Fishing the French Leader
When you’re out on the river fishing for either trout in the height of summer or grayling through winter, almost everyone you bump into these days is fishing a French Leader – A devastatingly effective method that has been favoured by many top competition anglers for quite a number of years. It was first developed and mastered by the French and Belgian anglers where then both countries generally dominated competition fly fishing. As the other teams caught wind of the technique, naturally they started to experiment with similar set ups.
For at least 10 years now, anglers from all around Europe have adopted the French leader technique and it is now the ‘go-to’ nymphing style, in my eyes taking over from the traditional Czech Nymphing style.
What is French Nymphing?
French Nymphing is a style of fishing that was created to catch spooky fish in very shallow, slow flowing rivers. Over time it has been adapted to fish fast water of up to a meter or so deep, the method as many of us know it today. However, the French leader is extremely versatile and can be adapted to fish all types of running (and still) water.
The French Leader itself is made up of an extremely long tapered leader made from monofilament. The taper is made up of a steep but gradual taper, designed to be fished on long and soft fly rods. At the end of the tapered leader there’s a short indicator piece, generally a length of coloured nylon or braid approximately 6-10 inches long. From the indicator you have your tippet and flies. You should vary the length of your tippet to the depth of water you’re fishing, i.e 3 feet deep = 3 foot tippet.
The important thing to remember when using a French leader is to flick or lob the flies rather than cast – very rarely you use fly line when fishing this method, unless you’re fishing extremely long distances.
The advantage of using a French leader is that you can present your flies with absolutely zero drag, at both close and long range. The majority of French leader set ups are designed to be fished between 2 and 9 meters away from the angler, making this the perfect method to target pressured fish…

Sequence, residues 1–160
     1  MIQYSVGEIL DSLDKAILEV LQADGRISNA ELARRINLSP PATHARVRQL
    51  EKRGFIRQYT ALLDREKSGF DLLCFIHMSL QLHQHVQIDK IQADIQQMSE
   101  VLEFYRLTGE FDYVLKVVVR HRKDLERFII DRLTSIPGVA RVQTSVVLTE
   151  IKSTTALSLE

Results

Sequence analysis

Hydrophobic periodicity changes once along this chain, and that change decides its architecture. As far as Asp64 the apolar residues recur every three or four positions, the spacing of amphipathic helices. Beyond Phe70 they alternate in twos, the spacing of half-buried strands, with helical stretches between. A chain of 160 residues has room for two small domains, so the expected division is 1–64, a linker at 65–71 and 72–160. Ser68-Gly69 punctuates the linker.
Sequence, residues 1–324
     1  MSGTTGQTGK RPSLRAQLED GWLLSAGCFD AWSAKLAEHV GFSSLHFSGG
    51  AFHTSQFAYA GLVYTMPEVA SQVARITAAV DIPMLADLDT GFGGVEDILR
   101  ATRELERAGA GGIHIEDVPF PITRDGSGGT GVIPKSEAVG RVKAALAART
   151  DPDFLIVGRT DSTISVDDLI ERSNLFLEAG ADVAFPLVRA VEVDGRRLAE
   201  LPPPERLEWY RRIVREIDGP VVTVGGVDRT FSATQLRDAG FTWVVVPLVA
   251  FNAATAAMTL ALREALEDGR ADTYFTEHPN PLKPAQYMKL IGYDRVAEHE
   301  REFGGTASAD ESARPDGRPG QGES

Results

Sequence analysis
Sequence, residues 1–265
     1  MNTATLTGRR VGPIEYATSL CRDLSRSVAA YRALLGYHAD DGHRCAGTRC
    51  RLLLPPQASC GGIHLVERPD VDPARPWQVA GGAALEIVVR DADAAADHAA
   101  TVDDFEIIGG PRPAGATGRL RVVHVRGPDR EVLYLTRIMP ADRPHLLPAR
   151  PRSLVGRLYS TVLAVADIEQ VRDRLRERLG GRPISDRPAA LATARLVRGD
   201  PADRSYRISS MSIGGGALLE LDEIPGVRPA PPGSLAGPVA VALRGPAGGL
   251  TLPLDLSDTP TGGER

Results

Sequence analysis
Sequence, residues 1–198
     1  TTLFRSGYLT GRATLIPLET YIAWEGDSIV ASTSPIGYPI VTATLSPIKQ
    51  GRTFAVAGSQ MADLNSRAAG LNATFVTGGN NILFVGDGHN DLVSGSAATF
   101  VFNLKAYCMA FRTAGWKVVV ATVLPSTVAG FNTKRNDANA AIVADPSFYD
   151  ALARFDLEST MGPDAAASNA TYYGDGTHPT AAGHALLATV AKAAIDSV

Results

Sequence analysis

Choosing the correct rod for the river you’re fishing is essential. The rod length is generally chosen for the size of the river, and the rod weight determined by the size of the fish and flies intended to be used. The 10ft 3# Sage ESN and the Greys GR70 Streamflex range are tried and tested French leader rods, the length and softness makes casting light flies on the long leader easier than ever before.
A long tapered leader is the preferred set up for French nymphing, with the Hendz Camou leader being an all round favourite. However of late, many anglers have been leaning towards micro thin fly lines with a short leader off the end – the Airflo SLN Euro Nymph Line has been a firm favourite of mine over the last three season. The Euro Nymph line is perfect for short range french nymphing and allows total control even in unfavourable conditions. It comes ready with a built-in indicator piece, which is considered the heart and soul of the French leader. The indicator provides the angler with vital information, any movement away from its natural position shows the fly has been intercepted by a fish and taken, or it has hit a snag – any movement should be met with a small flick or strike of the rod to potentially set the hook. A yellow or orange indicator is easily seen against the foliage, but white, blue and even black may stand out better in some circumstances – Bi-colour indicators are also very effective.